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Lean Take Two! Reflection from the second attempt at lean implementation

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abstract It's not easy being lean. And for many companies, getting lean right the first time does not always happen. Lean is a management philosophy focused on identifying and eliminating waste throughout a product's entire value stream, extending not only within the organization but also along the company's supply chain network. Lean promises significant benefits in terms of waste reduction and increased organizational and supply chain communication and integration. However, implementing lean and achieving the levels of organizational commitment, employee autonomy, and information transparency needed to ensure its success is a daunting task. This article describes in detail two lean implementation projects within the same company; a global manufacturer of food processing machines and equipment. The first project was a failure, while the second one is viewed to be a success. Examining these projects in detail, the major criteria and conditions that led to lean success and failure are identified. Based on these conditions, a number of lessons learned are identified that may help other organizations ensure the success of their own lean implementation and improvement efforts.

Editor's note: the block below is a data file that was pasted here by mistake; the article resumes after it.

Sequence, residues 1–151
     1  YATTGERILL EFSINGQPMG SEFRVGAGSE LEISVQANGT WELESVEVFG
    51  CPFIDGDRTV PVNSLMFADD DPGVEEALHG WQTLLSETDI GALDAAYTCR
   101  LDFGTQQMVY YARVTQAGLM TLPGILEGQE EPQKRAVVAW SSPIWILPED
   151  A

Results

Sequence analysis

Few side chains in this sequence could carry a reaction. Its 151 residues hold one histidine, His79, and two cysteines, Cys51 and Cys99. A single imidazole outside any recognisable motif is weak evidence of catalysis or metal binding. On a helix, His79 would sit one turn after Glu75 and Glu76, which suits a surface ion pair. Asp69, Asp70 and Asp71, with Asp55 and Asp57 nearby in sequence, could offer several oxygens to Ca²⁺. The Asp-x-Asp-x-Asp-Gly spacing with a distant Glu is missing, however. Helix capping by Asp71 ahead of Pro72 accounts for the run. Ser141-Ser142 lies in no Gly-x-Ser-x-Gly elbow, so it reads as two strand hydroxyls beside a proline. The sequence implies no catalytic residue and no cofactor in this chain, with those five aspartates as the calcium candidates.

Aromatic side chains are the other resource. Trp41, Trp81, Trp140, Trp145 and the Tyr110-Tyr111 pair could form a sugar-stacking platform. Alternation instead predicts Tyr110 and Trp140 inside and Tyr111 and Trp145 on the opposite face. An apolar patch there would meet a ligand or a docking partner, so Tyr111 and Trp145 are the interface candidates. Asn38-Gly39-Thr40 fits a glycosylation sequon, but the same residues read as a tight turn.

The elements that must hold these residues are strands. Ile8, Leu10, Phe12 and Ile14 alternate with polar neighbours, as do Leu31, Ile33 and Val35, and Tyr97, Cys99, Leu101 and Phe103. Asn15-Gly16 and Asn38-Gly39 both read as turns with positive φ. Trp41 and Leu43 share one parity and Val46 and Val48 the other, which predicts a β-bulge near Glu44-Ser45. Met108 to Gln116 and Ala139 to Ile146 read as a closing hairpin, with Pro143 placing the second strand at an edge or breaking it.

type journal paper
   
keywords Lean Production; Case Study; Best Management Practices
   
language English
kind of paper journal article
date of appearance 23-1-2009
journal Business Horizons
publisher Elsiver
volume of journal 52
page(s) 79-88
review blind review
   
citation Scherrer-Rathje, M., Boyle, T. A., & Deflorin, P. (2009). Lean Take Two! Reflection from the second attempt at lean implementation. Business Horizons, 52, 79-88.